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On Pleasure

File this under “things I really ought to have read a long time ago, but am just now getting to”: I’ve spent the last few days slowly working my way through The Pleasure of the Text. And I found myself quite astonished by how much there is in this deceptively tiny text, and how elusive it all is.

What I need now is to do a bit more reading on the question of pleasure, and particularly in relationship to cultural consumption. In part I’m looking for critical responses to Barthes, but also for competing or complementary theories of pleasure. And it’s specifically pleasure that I’m interested in, as distinct from desire. As Barthes points out,

Pleasure is continually disappointed, reduced, deflated, in favor of strong, noble values: Truth, Death, Progress, Struggle, Joy, etc. Its victorious rival is Desire: we are always being told about Desire, never about Pleasure; Desire has an epistemic dignity, Pleasure does not. (Barthes 57)

Desire is permissible within criticism, and can even be acknowledged as having a revolutionary force, precisely because it operates around a lack — for desire to be desire, it cannot be satisfied. Pleasure, by contrast, implies satisfaction, and thus, both politically and psychoanalytically, pleasure comes to be seen as regressive and infantile. And, in fact, much of The Pleasure of the Text is at pains to distinguish between the confirming power of pleasure with respect to the status quo and the rupture produced by bliss. On the other hand, Barthes also indicates that there is “an entire minor mythology [that] would have us believe that pleasure (and singularly the pleasure of the text) is a rightist notion” (Barthes 22), suggesting that pleasure — at least in the broader category that includes both plaisir and jouissance — is not so aligned with the conservative as we have been led to believe.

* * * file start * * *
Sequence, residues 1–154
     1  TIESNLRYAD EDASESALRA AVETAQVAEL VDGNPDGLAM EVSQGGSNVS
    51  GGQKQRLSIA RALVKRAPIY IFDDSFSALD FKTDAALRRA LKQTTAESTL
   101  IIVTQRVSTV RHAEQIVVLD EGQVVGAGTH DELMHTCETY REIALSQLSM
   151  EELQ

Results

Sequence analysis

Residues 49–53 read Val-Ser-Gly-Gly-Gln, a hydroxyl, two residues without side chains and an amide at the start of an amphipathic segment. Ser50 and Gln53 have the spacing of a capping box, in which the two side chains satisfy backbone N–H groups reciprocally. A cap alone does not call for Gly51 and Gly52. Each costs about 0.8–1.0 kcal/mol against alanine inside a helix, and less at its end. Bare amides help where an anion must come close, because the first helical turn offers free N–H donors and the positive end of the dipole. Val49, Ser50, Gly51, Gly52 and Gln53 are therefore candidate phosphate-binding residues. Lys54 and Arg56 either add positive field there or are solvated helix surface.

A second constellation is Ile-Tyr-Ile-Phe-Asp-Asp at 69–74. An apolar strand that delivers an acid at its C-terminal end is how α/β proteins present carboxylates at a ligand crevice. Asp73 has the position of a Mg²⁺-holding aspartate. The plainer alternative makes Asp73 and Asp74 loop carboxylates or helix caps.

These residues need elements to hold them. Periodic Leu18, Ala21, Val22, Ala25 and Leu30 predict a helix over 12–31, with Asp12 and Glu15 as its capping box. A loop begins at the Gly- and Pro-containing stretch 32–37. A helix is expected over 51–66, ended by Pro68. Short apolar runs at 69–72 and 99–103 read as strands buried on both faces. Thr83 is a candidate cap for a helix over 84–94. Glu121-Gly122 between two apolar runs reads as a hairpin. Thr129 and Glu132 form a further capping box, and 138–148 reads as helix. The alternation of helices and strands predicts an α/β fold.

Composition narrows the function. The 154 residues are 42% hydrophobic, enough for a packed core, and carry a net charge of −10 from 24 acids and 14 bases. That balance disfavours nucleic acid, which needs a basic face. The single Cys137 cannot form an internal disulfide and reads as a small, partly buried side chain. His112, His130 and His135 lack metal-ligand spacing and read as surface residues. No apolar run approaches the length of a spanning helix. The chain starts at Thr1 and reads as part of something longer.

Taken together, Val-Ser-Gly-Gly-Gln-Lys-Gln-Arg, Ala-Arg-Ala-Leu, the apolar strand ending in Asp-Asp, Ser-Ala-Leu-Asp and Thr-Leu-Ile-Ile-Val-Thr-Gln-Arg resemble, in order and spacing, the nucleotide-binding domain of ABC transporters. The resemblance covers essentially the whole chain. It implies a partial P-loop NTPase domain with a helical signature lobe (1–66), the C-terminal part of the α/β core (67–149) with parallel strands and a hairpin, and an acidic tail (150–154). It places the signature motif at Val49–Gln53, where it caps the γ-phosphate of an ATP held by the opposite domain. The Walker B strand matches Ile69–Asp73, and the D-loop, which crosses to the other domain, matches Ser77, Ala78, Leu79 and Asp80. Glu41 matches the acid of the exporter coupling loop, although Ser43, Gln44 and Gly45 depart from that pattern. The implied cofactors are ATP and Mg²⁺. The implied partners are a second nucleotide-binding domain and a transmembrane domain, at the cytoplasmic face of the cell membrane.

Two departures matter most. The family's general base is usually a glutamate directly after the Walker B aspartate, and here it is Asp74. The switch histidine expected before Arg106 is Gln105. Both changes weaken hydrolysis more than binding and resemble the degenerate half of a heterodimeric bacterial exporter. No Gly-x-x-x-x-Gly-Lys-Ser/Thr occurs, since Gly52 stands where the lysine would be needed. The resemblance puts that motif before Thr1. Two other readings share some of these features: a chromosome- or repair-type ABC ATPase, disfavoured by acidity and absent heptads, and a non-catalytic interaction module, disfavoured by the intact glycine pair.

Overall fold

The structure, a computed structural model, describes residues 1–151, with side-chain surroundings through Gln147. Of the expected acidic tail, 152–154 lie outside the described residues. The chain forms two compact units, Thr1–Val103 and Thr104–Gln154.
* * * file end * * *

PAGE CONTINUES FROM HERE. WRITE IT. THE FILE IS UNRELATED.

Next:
What I’m after is a critical theory of pleasure, and particularly the pleasure taken in the consumption of cultural texts. I’m going to go reread some Freud, and I’m thinking I need to revisit Foucault and The History of Sexuality as well. But what else should I be looking at?


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